I can even remember the Mayor axing the repair and maintenance budget for the pool one year, and with gusto!

    Now, I here said that Cllr Best should go, but of course in an Executive Mayor system as in Lewisham there’s only one person that carries responsibilities, it’s the Mayor. But he never takes a blame, doesn’t he? I don’t want to waste my time asking him to go, he won’t, that’s why I’m saying that it’s the Cabinet Member for Community that has to go, it’s the only way that this administration can pursue to show us that they understand the gravity of their neglectful conduct.

    Pool closed

    May 30, 2008

    Ladywell Leisure Centre was closed yesterday afternoon and will stay so until further notice.

    The reason is that the toilets stopped working and without toilets they can’t open to the public, this is not detailed in the notice on the entrance that in a less prosaic but also much less informative style only speaks of “health and safety reasons”

    I sent an email to the officer in charge of the Pool and am waiting response that will post on the best available place on the net as soon as I receive it. I would have written all this at but it is rather down at present.


    1:00 pm Dramatic Update!! We were misinformed, it’s not that the toilets are out of order, it’s legionnaires disease bacteria in the showers! The News Shopper has the story, click here.

    What about open air theatre?

    May 23, 2008

    There is a wonderful spot of Lewisham Park, a gem in the city, it’s a lawn, in a depression of the ground, surrounded by tall trees.

    Here’s two pictures that I took a couple of weeks ago, the top one shows the area as you see it through the trees – the drop just after the trees is of about 3m, gentle slope but clearly delineated. The second photo is of course taken from the other side.

    To me this looks like a theatre and to be one it only needs a stage. And some performances of course.

    And as I thought this I started thinking that one could have all the local children attending and learning performing arts, such an accessible space.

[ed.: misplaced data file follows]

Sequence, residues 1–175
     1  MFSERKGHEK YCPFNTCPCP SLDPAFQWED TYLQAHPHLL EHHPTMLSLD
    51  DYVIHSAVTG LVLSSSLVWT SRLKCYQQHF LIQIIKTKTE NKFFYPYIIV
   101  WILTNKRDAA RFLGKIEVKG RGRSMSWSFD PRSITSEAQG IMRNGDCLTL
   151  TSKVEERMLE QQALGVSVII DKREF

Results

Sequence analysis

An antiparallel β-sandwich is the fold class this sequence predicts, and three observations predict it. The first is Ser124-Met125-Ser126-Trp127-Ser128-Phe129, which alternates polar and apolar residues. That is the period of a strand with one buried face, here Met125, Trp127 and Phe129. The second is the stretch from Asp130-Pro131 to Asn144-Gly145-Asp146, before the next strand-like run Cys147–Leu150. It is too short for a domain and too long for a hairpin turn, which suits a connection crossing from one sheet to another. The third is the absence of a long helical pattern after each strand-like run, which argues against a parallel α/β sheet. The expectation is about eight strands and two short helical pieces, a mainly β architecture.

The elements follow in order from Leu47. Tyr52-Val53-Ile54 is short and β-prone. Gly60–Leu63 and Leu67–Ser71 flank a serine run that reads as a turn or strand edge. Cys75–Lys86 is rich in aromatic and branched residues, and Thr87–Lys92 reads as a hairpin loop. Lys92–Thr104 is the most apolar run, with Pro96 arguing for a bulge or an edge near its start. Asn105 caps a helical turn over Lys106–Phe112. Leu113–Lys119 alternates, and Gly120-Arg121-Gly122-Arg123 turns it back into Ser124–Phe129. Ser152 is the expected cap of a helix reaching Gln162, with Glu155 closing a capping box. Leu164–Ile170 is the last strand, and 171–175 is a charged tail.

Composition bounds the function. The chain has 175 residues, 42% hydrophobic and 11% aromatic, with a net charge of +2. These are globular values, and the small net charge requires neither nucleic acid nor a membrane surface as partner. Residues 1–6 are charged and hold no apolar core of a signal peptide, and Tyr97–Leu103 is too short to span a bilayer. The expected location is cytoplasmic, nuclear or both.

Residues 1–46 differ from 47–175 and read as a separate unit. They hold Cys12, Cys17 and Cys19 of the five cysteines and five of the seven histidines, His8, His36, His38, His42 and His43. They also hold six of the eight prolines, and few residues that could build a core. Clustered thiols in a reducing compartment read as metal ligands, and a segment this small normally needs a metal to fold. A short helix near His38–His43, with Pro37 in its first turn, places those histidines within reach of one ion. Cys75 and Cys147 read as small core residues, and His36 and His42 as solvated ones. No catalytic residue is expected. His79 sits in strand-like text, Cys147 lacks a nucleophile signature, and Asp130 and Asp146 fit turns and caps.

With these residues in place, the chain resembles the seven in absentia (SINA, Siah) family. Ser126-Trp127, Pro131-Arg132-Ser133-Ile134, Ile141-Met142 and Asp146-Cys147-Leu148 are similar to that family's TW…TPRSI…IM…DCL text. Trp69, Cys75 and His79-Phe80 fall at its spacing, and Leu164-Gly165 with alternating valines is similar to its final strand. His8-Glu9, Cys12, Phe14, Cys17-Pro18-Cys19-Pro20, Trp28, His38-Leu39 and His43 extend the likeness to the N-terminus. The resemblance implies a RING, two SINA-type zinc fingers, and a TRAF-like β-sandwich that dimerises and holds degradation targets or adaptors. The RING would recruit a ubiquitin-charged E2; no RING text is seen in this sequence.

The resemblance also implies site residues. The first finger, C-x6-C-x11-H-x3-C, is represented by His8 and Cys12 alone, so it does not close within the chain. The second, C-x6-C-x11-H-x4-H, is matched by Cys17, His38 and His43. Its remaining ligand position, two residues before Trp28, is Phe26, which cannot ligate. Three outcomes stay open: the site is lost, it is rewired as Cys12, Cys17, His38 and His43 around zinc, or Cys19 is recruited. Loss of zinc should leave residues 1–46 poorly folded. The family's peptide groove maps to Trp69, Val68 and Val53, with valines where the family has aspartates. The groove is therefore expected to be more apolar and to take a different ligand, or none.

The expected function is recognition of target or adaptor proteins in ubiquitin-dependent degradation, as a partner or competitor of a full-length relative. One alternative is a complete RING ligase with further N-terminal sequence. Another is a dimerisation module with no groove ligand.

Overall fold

I see that Lewisham Council is now asking for ideas on how to spend money on “play areas for children and young people” and it also says that “play can also act as a gateway to structured, positive activities” and also “support services for children and families who may be hard to reach through other routes”.

    Well, a good way to do this would surely be to place a stage next to a traditional playground, so that children and their families can do exactly what the Council wants them ultimately to do, “structured, positive activities”. And many of the families there fall exactly in the “hard to reach” category, as the Council jargon identifies them.

    The Play area in that park is pretty bare, it would surely do with some money, why not also complement it with a performing arts area for daylight activities during the long days of summer?

    I was preparing this proposal with the intent of bidding for some of the locality funds at the next Lewisham Central Assembly on 21st July and I also had in mind to contact the housing association London and Quadrant for some matching funds as they have at least 192 tenants overlooking the park since they now own the three big blocks by the park.

    But now that the Council is asking for ideas to help them spend £1m I’ll try that first.